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September 2011

Nomination: Breadfruit [19 November 1961. From Collected Poems (1988)]

This is a poem that proclaims itself Larkin’s in many ways: by theme, by style and most delightfully by its wit. Written in 1961, and also published that winter – even though Larkin described it, in a letter to Robert Conquest, as ‘just about the worst poem I have ever let get set up’ – ‘Breadfruit’ belongs to the period of his growing confidence and success, and was therefore written by the Philip Larkin Maeve Brennan knew, the generous, courteous, sensitive and often charming person whose real qualities defy most features of his public persona. Perhaps that accounts for its gentle ending, where the birdless path to the tombstone is not invoked: the old men are allowed to return to the daydreams of their youth – daydreams almost comically erotic, that perhaps derive from the boys’ adventure magazines of Larkin’s youth, such as D.C. Thomson’s The Wizard.

The form of ‘Breadfruit’, with its four significant two-foot lines, its regular pentameters and purpose-built rhyme-scheme softened under an easy colloquial flow – I especially enjoy ‘(the boys)’ – and its cyclic return to the opening image – this is Larkin at his elegant stylistic best, whatever his own opinion of the poem may have been.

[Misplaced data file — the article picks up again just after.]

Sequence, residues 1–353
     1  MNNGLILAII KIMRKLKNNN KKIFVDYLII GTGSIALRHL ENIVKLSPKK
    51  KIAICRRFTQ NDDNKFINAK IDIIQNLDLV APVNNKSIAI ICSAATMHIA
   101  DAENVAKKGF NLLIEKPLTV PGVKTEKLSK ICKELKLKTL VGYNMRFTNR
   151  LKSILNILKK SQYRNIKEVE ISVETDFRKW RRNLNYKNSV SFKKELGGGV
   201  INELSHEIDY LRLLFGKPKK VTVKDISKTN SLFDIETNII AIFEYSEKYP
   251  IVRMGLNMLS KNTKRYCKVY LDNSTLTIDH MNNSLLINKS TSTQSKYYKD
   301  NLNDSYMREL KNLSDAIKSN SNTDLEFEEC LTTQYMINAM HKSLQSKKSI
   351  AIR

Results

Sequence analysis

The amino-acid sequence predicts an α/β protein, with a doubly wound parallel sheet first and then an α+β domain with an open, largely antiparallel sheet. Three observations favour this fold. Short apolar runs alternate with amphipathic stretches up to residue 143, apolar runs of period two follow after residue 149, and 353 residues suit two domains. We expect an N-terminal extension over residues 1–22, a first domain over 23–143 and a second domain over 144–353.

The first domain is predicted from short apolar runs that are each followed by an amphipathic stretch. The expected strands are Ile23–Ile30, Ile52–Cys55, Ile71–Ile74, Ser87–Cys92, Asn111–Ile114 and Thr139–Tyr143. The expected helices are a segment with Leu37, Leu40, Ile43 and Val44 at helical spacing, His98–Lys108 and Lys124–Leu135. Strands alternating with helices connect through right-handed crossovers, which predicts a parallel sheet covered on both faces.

The development of the middle section, recounting the progress of the boys’ attempts to convert daydream into some kind of reality, is the stuff of many of the familiar poems – ‘As Bad as a Mile’, ‘Send No Money’ and of course ‘Love Songs in Age’ – deftly suggesting the whole arc from ‘bright incipience’ to disillusioned old age. After their early, earnest shots at wooing, the youths find themselves on a familiar track: ‘a mortgaged semi– with a silver birch’ – lower-middle-class stagnation, conformity, no time or money for their own pleasures; with ‘nippers; the widowed mum’ we get glimpses of the folk who live up lanes in ‘Toads’ (and by implication of those who lack the courage to), or of poor old Arnold, who’s obliged to invite his mother–in–law for the summer. There’s no sign of that early exotic/erotic vision; it’s got ploughed in under the day–to–day; and suddenly their lives have ‘hardened into all they’ve got’: ‘illness; age’; and the reader has fleeting premonitions of darker poems, not only ‘Dockery and Son’ but ‘The Old Fools’, ‘Aubade’.

But it’s the wit that distinguishes this jewel of a poem. ‘Such uncorrected visions’ – what a gentle put–down, and what an unexpected, and telling, metaphor for distorted expectations. And the breadfruit themselves! – those undefined symbols of unattainable exotic sex. In that whimsical repeated ‘whatever they are’ I always fancy I can hear the amused, equivocal, gently mocking tones of Larkin himself.

Alison Mace

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